She told him she'd just lost someone to cancer and that it was the anniversary of her brothers death - and she hugged him, long and hard - like a full minute. It was extraordinary because David doesn't like hugging strangers, but they connected in this and his whole body softened with the shared grief. And it hit me that he'd needed this.
Then we talked about death a little, and how David and I were going to eat lobster pizza and drink wine in the sun. She said that was the perfect thing to do. It was kind of surreal and awesome.
By the time we got up to the balcony a few minutes later, she and her friends had moved on. Our timing had been serendipitous.
You all know how I feel about serendipity.
So all of this is by way of explaining why I'm not much for long-term plans. I'll make them - but I'll also discard them in a flash, because some of the best moments come as gifts from the universe, bestowed on a schedule not our own.
As we ate lunch, we talked about how this is a wonderful thing about living in Santa Fe, that we could run into Amanda Palmer on a street corner. And David said, "now you just need to make Tina Fey be your friend."
Totally in the plan!
And always in the plan to savor this beautiful life we've got.
Sunday, March 20, 2016
Life, Death, and Long-Term Planning
Labels: Amanda Palmer, David, death, Jeffe Kennedy, life, long-term planning, Neil Gaiman, serendipity, Terry Brooks
Jeffe Kennedy is a multi-award-winning and best-selling author of romantic fantasy. She is the current President of the Science Fiction and Fantasy Writers of America (SFWA) and is a member of Novelists, Inc. (NINC). She is best known for her RITA® Award-winning novel, The Pages of the Mind, the recent trilogy, The Forgotten Empires, and the wildly popular, Dark Wizard. Jeffe lives in Santa Fe, New Mexico. She is represented by Sarah Younger of Nancy Yost Literary Agency.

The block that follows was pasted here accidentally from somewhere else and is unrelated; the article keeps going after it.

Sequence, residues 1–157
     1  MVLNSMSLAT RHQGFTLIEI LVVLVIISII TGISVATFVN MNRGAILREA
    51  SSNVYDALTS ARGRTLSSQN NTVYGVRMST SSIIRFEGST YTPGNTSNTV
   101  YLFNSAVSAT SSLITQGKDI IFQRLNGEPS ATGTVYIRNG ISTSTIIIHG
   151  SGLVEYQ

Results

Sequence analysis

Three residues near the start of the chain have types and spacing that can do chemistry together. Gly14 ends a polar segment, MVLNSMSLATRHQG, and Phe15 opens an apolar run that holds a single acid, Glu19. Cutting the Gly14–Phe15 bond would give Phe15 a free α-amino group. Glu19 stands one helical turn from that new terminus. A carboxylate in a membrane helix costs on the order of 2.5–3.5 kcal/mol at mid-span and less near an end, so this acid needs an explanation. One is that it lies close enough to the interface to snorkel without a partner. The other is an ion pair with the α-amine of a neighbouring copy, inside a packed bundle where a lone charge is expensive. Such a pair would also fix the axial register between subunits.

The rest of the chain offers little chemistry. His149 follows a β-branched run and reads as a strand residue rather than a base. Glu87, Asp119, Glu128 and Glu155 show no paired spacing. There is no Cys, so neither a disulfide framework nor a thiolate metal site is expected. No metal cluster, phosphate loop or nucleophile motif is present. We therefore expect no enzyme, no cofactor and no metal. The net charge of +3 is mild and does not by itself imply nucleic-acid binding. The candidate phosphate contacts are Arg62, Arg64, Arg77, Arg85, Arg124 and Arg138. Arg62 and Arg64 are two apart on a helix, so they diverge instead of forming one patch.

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And you made me sniffle with this beautiful, touching story!ReplyDelete
Aww - thank you! I sniffled while writing it. :-)Delete
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All. The. FEELS. (and condolences to you and David)ReplyDelete
Thank you! It's lovely to have people like you in our lives. :-)Delete
So very sorry to hear about David's brother...ReplyDelete
Thank you! He died much too young - so unfair.Delete
I can so empathize. My sympathies to you and David. And yes, making plans but staying open to what the Universe brings can be truly magical.ReplyDelete
I've been in both those places. Sending big hugs.
Thank you, Paula! We take what we get and give thanks, yes? :-)Delete
I work with cancer patients and anytime someone loses their battle my heart breaks for not only them but the family they left behind. My thoughts are with you and David during this difficult time.ReplyDelete
I am glad you were able to be together and enjoy meeting Amanda, one another, and good food. Life is fluid and if your plans are too structured you can block the natural flow. That, or the universe will look at it and say 'Plans? Pfft.' and send a tidal wave.
Boy, ain't that the truth? And thank you - this was one where it came back in a lethal wave. It was hard for everyone. Thanks for the good thoughts. :-)Delete
Hugs your way.Delete
There is just a whole lot of "wow" in that story. I'm so glad you guys have each other at times like these.ReplyDelete
It's really the best part of the long-term deal, huh? :-)Delete